Since generosity is the very first bodhisattva practice of the six paramitas, a Dharma practitioner will never dismiss any opportunity to offer help to others. Only the most self-absorbed idiots besotted with wrong views would turn down the opportunity to generate merits in the service of others. One who is preoccupied with mundane interests and is not willing to offer help to others, is in actuality forsaking the true purpose of precious human birth, which is to make full use of one’s limited life-span to accumulate positive conditions that enable us to attain liberation from the bondage of samsara. One who is blessed by the right view is never too busy and always has time to apply the right action promptly for the benefit of others.

Whoever takes pride in ignorance and acts out of grasping in the pursuit of mundane desire, is wasting one’s precious human birth in a worthless chase after the improbable of samsara. One who is obscured by delusion of grandeur is prone to blabbing indiscriminately without restraint, not realising even the tiniest act of self-absorbed transgression can activate a chain of dependent-arising that leads to the destruction of one’s previous positive condition, giving rise to obstacles of one's own making, generating causes of afflictive emotions which invoke hostility from others, depleting what little merits one may have, all the while accumulating more negative karma, and creating more anguish for the present time and infinite future rebirths in the lower realms.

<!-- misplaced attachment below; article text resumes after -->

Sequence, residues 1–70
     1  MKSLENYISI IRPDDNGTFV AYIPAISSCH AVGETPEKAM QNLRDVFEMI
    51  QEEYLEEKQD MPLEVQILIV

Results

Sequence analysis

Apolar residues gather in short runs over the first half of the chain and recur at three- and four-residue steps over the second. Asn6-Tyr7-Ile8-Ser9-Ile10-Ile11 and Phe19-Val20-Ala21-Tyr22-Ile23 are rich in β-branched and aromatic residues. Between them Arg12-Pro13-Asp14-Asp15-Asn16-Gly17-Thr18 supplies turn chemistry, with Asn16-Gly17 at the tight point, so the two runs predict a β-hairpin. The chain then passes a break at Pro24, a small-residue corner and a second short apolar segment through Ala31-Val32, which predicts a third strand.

When a student has already received Dharma instruction, yet remains conceited, boastful and pretentious, then it is obvious such a student has not yet put the instruction into actual practice.

On such acts of mindlessness, Gampopa has this to say:

“A practitioner is at fault
When having already received copious instruction,
Yet continues to think like an ordinary being.
When one failed to practice Dharma properly,
It will propel one to the lower realms.”

No one, not even the Buddhas, can undo what one has done in the past. Whatever conditions we have been experiencing in this life are the fruitions of our own karmic actions committed in past lives. The way of the Buddhas is to apply the four opponent powers to repair one’s breach of vows, purifying the results of one’s past negative actions so that positive conditions can be restored.

One of the most effective means to restore positive conditions and to accumulate an increase of merits is the pure practice of generosity as demonstrated by the Buddhas of the three times and explained repeatedly by the teachings of the realised masters.

As the great Tibetan master Santideva said:

"All the suffering there is in this world arises from wishing oneself to be happy.
All the happiness there is in this world arises from wishing others to be happy.”

And, on the nature of karma, Guru Padmasambhava has this to say:

“Nothing exists the way it manifested, it is all caused by our karma.”

Karma is indeed the true cause of all the phenomena we have been experiencing in our lives. While we cannot go back in time to undo the past karmic conditions that lead to the arising of phenomena that we have all been experiencing in the world such as the recent outbreak of war in Ukraine, we can at least do what we can at this present time to help those Ukrainian refugees who are currently displaced in Europe.

Right now, under the guidance of Lama Dondrup Dorje Rinpoche, Pathgate students are actively involved in the offering of assistance to the Ukrainian refugees in Greece, Poland and Romania. There are four separate reports on these humanitarian activities that are the latest features of the Pathgate News.